The National Archives Catalog


Other Preservation Characteristics Authority List

The Other Preservation Characteristics Authority List provides data values for the Other Preservation Characteristics element.


Artifact: Copper alloy
scope note: Alloy in which copper is the principle element.
source: The J. Paul Getty Trust's Art and Architecture Thesaurus© (AAT) Online

Artifact: Inlay
scope note: Any process by which small pieces of one material are inserted into a larger piece of another so as to create a design.
source: The J. Paul Getty Trust's Art and Architecture Thesaurus© (AAT) Online

Artifact: Iron
scope note: Pure metallic element having symbol Fe and atomic number 26; metallic iron is silvery in color, lustrous, soft, ductile, malleable, and slightly magnetic; it rusts when exposed to moist air. It is rarely found as a native metal (telluric iron) except in meteorites (meteoric iron). Iron is most often found throughout the world as iron oxides (hematite, magnetite, limonite, and siderite) mixed with other ores.
source: The J. Paul Getty Trust's Art and Architecture Thesaurus© (AAT) Online

Artifact: Painted surfaces
scope note: The art and practice of applying pigments suspended in water, oil, egg yolk, molten wax, or other liquid to a surface to create an expressive or communicative image or the application of paint to a surface primarily for protection or to apply a general color.
source: The J. Paul Getty Trust's Art and Architecture Thesaurus© (AAT) Online

Artifact: Silver
scope note: Pure metallic element having symbol Ag and atomic number 47; a malleable, ductile, white metal with characteristic sheen, considered a precious metal. Silver is widely distributed throughout the world, occurring rarely as metallic silver (in Peru, Norway) but more often as silver-gold alloys and silver ore. Today silver is obtained as a byproduct in the refinement of gold, lead, copper, or zinc ores. Silver was smelted from the ore galena as early as 3800 BCE. As a pure metal, silver is second to gold in malleability and ductility, can be polished to a highly reflective surface, and used -- typically in an alloy -- in jewelry, coinage, photography, mirrors, electrical contacts, and tableware.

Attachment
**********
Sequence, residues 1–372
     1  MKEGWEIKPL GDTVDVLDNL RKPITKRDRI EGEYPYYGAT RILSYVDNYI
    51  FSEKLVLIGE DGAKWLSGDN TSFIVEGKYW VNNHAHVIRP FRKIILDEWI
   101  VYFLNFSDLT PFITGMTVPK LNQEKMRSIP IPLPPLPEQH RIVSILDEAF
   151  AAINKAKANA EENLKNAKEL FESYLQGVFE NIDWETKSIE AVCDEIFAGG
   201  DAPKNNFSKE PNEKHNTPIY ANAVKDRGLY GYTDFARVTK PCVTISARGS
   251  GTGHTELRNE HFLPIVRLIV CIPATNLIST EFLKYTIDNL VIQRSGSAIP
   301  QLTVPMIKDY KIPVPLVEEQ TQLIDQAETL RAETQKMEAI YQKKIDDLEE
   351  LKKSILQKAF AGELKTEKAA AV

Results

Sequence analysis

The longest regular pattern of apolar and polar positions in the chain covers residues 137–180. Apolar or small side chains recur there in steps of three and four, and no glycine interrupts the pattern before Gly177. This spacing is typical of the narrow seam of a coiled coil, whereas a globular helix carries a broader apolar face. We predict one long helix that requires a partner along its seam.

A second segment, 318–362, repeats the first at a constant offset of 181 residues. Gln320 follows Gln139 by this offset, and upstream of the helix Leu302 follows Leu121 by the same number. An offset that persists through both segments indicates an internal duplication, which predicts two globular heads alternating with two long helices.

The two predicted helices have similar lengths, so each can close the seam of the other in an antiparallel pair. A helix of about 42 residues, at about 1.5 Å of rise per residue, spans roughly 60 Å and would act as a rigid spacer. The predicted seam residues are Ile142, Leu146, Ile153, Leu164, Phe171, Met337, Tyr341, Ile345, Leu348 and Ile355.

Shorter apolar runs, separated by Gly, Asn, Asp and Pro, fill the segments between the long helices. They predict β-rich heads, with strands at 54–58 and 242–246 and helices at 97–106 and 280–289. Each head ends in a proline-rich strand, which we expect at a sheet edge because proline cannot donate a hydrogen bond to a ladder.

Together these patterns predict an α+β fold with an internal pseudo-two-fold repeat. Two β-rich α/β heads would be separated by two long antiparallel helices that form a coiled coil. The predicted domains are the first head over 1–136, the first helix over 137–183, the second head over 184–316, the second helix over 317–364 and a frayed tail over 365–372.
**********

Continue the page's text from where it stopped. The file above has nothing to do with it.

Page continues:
source: The J. Paul Getty Trust's Art and Architecture Thesaurus© (AAT) Online

Fasteners/records adhered together
scope note: Materials consisting of separate parts that have been fastened or held together by a device, adhesive, or other physical or chemical force.
source: The J. Paul Getty Trust's Art and Architecture Thesaurus© (AAT) Online

Folded
scope note: Something that has been bent over upon itself, such as cloth or paper.
source: The J. Paul Getty Trust's Art and Architecture Thesaurus© (AAT) Online

Framed
scope note: An item that has been provided with a border or case to surround, support, enclose, or call attention it as a work of art, mirror, or document, leaving the item itself visible.
source: The J. Paul Getty Trust's Art and Architecture Thesaurus© (AAT) Online

Microform: Negative
scope note: An image on a microform in which the tones are reversed.
source: A Glossary of Archival and Records Terminology Online (SAA)

Microform: Orientation unknown

Microform: Other

Microform: Positive
scope note: An image on a microform in which the tones match those in the original.
source: A Glossary of Archival and Records Terminology Online (SAA)

Motion Picture Films: Tinted
scope note: Black and white film print colored (tinted) by dyeing the film base or the gelatin with dye.
source: Restoration of Motion Picture Film by Paul Read & Mark-Paul Meyer ©Caleidoscope 2000

Motion Picture Films: Toned
scope note: Converting some or all of the silver in a black-and-white image using inorganic salts or mordant dyes, and usually altering the overall tone of the image.
source: The J. Paul Getty Trust's Art and Architecture Thesaurus© (AAT) Online

Mounted
scope note: Attached to a secondary support; as in attaching a paper artifact to a stiff board, sometimes preparatory to matting.
source: The J. Paul Getty Trust's Art and Architecture Thesaurus© (AAT) Online

Oversized
scope note: Larger than normal.
source: A Glossary of Archival and Records Terminology Online (SAA)

Rolled
scope note: Wound into a cylinder.
source: A Glossary of Archival and Records Terminology Online (SAA)

Top